Why I Think Of One Tree Hill Every Time I Look At My Tattoo
I was a high school junior the first time I saw an episode of One Tree Hill, a few days after a girl had walked past me during study hall and said I was “kind of like Lucas Scott.” I had no idea what this meant, thinking maybe she was riffing something on my first name, and she had to explain to me that he was a character on a television show who liked reading and basketball.
This is how uncommon reading for pleasure is where I come from. It’s a thing of note. My friend just told me she’s writing a newspaper article on a guy simply because he’s read every Pulitzer fiction winner. So if you’re a teenage boy who’s got sweatpants on and an unassigned book in your hands, then you immediately resemble some melodramatic television character with a soul patch instead of just a normal person who digs what I feel is a pretty normal pastime. Nobody back home said you were like Joaquin Phoenix’s character in Signs just because you liked baseball and lived on a farm. I actually had a math teacher ask me once why I was reading a book during study hall, as if it was something atypical to be doing while you were in an institution of learning. I felt like a nerdy Ren McCormack because I was getting my Chabon on instead of playing paper football or seeing who would murmur “penis” the loudest (though I did occasionally participate in “The Penis Game”).
My surroundings made me feel much more literary than I really am, as you will see.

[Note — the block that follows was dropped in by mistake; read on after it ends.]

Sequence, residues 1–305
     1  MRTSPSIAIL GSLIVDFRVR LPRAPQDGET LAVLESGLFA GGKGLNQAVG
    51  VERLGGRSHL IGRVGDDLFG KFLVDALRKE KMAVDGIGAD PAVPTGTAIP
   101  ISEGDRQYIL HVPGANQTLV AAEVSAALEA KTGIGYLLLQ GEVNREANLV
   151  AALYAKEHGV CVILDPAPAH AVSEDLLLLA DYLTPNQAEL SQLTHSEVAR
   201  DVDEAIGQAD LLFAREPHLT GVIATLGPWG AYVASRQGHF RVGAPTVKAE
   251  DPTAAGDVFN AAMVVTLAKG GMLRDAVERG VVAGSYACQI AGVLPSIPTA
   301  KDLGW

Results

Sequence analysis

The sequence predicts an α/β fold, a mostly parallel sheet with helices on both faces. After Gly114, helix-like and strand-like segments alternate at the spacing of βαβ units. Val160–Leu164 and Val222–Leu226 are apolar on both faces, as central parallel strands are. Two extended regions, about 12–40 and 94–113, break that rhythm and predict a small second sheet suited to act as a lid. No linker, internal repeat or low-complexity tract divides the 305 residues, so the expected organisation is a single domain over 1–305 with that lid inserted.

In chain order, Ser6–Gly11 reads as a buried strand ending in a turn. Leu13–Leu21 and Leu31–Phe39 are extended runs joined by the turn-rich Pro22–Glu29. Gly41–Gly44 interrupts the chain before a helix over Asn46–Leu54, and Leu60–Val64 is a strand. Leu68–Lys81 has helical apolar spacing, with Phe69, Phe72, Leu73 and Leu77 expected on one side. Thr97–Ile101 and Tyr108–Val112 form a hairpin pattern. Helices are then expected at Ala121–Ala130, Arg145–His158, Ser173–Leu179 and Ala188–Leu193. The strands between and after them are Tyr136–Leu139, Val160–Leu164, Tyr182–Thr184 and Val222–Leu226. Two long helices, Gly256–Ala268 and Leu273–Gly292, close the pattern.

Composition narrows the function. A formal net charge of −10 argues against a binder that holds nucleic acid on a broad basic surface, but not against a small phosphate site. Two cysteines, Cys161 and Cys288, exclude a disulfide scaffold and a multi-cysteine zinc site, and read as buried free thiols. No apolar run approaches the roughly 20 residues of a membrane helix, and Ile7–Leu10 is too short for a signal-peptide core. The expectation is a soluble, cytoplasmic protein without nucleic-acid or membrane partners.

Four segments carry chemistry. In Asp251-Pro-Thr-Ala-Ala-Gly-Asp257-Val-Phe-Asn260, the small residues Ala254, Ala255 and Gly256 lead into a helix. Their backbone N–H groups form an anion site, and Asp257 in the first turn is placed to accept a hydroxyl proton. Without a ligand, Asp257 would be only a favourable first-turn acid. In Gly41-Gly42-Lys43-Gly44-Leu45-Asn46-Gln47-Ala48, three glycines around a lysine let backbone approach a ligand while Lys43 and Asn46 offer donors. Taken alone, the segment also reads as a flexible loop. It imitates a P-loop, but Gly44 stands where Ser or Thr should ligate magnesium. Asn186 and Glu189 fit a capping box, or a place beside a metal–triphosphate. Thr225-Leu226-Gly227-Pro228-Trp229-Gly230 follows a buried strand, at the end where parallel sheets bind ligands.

I found out Lucas Scott was played by Chad Michael Murray, who I knew of because of the movie A Cinderella Story. I had seen it with a girlfriend when it was in theaters a year or so before. Say what you want about that film, but the slow dance scene where Edwin McCain’s “I’ll Be” plays in the background is pure, loin-stirring emotional fire.
I decided to watch a random episode the next week, and had absolutely no clue what was going on. I sought the counsel of my younger sister, an aficionado at the time on most things CW-related. I’d been left behind when it was still the WB, during Dawson’s Creek‘s glory days and the beginnings of Smallville. (I will still sometimes get drunk and wax nostalgic by watching a YouTube clip of the final scene from the pilot episode of Smallville. Lifehouse plays in the background, man. Lifehouse.) My sister had the first and second seasons, which she retrieved from the annals of her lady cave and lent to me.
I watched about three-fourths of the first season and stopped. I just couldn’t get into it. The OC had set a high bar for teenage programming, and I stuck with that. I wished girls would compare me to Seth Cohen and not Luke Scott, because Cohen was awesome in every way.
The next year we had to pick a poem to recite out loud in English class. It was a toss-up for me between Percy Shelley’s “To a Skylark” and one I remembered hearing somewhere about making fate your bitch and captaining your soul or something like that. I Googled “captain and soul,” and an entry for William Ernest Henley’s poem “Invictus” came up. It quickly became my favorite – beating out Shel Silverstein’s “Magic” by a slim margin – and I recited it. Because it was much shorter than the Shelley selection.